Define parameters of dialogue

Define parameters of dialogue

WARRING factions within the ruling All Basotho Convention (ABC) party this week signed a ceasefire agreement that will pave way for dialogue to resolve a bitter leadership tussle that has dogged the party.
The ABC has been at war with itself since early February when a faction led by Professor Nqosa Mahao was swept into power following a landslide victory.

That emphatic victory was the beginning of a period of what has proved to be unprecedented turmoil for the ABC.
It is a period that has seen party leader, Thomas Thabane, and luminaries within the party being subjected to vile insults.
Yet the agreement signed between the two sides could go up in smoke if the parametres of the dialogue and what it should lead to are not carefully defined.

At the centre of the whole dispute is the issue of the legitimacy of the electoral process that swept the new executive committee into power.
Without resolving that issue of legitimacy, the ABC risks expending its energies on peripheral issues.
That would set a dangerous precedent for the future.

As a democratic party the ABC must be seen to be upholding principles of democracy and the rights of members to elect and be elected into office.

Any backdoor deal that would seek to overturn the February electoral result which was an expression of the will of the people would be a serious negation of the democratic principle.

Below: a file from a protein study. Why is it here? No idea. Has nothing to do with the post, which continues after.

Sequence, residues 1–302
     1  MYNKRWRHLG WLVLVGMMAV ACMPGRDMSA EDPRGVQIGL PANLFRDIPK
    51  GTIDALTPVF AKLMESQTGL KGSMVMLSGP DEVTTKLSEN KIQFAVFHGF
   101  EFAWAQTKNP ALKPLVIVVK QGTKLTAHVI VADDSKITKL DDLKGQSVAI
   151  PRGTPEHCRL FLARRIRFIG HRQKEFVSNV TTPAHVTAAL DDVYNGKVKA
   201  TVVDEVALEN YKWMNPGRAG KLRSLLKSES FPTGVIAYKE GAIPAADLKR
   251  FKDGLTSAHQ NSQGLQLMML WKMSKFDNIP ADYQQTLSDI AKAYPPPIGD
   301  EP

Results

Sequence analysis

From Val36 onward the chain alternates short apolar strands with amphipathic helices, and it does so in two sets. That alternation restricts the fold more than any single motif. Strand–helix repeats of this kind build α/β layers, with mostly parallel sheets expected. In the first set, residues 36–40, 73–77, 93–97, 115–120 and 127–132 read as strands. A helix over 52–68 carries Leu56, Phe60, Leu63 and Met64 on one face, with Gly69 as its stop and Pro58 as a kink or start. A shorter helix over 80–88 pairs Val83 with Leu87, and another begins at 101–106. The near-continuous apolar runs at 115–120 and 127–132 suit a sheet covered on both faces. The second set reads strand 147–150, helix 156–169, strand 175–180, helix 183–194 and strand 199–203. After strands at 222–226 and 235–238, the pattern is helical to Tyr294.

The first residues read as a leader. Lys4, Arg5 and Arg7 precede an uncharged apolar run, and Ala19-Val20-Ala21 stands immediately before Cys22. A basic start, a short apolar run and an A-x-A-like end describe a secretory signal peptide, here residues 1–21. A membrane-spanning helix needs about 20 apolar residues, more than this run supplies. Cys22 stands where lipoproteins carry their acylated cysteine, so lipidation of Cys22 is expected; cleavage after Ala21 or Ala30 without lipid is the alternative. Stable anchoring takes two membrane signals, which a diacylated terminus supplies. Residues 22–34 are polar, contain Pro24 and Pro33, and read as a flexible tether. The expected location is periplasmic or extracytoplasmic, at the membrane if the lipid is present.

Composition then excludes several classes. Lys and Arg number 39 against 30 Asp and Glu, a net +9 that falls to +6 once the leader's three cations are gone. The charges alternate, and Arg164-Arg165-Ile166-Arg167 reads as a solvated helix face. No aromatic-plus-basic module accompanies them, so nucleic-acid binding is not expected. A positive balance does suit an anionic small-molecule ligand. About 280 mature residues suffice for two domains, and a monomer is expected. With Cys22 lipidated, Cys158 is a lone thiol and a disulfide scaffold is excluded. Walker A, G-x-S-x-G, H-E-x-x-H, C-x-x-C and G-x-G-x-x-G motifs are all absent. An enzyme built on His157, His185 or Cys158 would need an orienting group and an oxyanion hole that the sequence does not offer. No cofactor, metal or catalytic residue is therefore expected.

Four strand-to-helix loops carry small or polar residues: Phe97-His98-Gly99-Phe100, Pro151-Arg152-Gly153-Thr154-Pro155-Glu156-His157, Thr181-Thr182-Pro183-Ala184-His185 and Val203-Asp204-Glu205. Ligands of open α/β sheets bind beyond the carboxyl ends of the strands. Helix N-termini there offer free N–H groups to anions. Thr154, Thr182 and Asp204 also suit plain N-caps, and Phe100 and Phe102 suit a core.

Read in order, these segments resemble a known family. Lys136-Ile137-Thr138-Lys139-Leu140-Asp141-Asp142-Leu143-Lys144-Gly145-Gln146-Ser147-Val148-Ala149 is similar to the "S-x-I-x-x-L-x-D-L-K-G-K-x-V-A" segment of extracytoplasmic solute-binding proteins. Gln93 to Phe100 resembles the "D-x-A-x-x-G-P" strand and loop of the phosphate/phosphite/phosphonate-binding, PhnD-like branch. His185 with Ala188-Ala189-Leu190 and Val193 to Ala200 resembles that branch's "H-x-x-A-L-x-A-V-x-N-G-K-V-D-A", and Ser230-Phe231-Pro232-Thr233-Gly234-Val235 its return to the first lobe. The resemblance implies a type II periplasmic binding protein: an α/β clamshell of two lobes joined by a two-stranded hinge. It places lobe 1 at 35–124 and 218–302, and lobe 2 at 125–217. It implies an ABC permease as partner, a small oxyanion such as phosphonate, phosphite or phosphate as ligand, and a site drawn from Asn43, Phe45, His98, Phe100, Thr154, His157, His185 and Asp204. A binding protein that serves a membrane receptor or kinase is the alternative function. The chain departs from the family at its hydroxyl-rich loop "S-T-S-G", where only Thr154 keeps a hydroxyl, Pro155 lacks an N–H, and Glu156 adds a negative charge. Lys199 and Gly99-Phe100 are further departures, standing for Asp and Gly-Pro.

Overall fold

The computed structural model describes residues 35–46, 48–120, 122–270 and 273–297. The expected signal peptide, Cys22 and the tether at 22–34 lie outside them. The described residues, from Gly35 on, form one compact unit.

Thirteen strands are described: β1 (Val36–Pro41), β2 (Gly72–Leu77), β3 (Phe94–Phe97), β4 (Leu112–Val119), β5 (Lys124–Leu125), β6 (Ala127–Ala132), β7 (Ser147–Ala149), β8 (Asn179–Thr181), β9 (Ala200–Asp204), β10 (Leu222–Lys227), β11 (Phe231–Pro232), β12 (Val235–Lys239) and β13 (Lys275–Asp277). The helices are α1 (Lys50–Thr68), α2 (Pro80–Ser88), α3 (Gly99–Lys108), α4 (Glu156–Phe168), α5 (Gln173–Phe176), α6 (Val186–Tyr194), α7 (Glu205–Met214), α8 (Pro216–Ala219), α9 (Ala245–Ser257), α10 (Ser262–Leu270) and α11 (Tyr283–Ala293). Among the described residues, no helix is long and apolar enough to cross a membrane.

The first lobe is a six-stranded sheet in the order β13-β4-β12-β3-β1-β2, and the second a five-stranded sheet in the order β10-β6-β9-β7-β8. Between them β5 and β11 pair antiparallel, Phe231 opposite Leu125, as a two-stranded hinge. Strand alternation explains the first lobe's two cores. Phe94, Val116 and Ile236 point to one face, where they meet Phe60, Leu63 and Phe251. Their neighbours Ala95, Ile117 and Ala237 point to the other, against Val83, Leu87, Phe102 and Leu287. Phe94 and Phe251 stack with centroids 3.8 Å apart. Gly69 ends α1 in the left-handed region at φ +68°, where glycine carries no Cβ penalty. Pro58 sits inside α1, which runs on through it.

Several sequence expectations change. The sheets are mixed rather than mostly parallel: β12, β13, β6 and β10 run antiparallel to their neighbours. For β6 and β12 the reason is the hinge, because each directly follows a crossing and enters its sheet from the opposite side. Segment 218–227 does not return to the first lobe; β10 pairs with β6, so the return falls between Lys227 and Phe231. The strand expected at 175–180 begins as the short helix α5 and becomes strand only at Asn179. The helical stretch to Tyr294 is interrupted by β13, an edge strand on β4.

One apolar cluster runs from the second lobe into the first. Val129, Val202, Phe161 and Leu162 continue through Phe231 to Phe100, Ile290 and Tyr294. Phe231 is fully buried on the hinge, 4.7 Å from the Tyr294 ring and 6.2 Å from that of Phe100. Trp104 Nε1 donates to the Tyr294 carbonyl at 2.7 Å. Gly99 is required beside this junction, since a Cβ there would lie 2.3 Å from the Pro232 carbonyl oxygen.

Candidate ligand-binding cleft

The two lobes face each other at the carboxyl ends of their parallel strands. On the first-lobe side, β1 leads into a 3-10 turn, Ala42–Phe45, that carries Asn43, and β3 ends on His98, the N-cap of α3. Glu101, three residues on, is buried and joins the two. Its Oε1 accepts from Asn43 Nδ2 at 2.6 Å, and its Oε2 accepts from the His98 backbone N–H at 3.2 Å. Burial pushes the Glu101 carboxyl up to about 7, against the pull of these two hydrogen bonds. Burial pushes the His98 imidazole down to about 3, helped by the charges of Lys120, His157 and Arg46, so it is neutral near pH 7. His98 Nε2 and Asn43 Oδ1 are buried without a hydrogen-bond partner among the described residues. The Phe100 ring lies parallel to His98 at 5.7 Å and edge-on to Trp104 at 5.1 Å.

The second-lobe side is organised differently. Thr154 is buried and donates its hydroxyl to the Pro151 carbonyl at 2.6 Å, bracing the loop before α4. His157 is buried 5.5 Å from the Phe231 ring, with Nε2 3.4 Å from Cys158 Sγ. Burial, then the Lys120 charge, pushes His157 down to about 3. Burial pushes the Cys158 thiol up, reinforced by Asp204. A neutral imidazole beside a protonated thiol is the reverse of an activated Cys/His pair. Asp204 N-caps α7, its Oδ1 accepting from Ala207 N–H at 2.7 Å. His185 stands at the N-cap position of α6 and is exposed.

We would expect that the Mahao faction will seek to defend its victory at the elective conference. We suppose they will want to argue that they won elections cleanly and that they should therefore be allowed to assume office.
That is a pretty sound argument.

We would want to believe that the losing faction must magnanimously accept that it lost the elections and go back to the drawing board. That is how politics should work.

We would find it quite odd if the Mahao faction were to accept that its victory was null and void and thereafter surrender the initiative to the losing faction.

As things stand, the Mahao faction has the upper hand and will call the shots.
As we have argued in previous editorials, this is a political dispute that can only be resolved politically.
The party must not allow the courts to meddle in what is purely a political matter.

As party leader, Prime Minister Thomas Thabane must now provide leadership during the dialogue to pave way for a smooth handover.
It’s either he does so or risk seeing his beloved ABC imploding into irrelevance. The risk of a split also remains alive as the party is sharply divided.

There are even fears that it could trigger a bloody fight among party cadres, with talk of assassinations and counter-plots being the order of the day.

As an elder statesman, Thabane must bring the two sides together. Insulting or antagonizing one faction will not work to break the impasse.
We are aware that this is a party that Thabane formed from scratch. He must now salvage the party.
The ABC therefore faces two options: it can either implode or regenerate itself through leadership renewal. We hope Thabane will nudge the party towards the latter.

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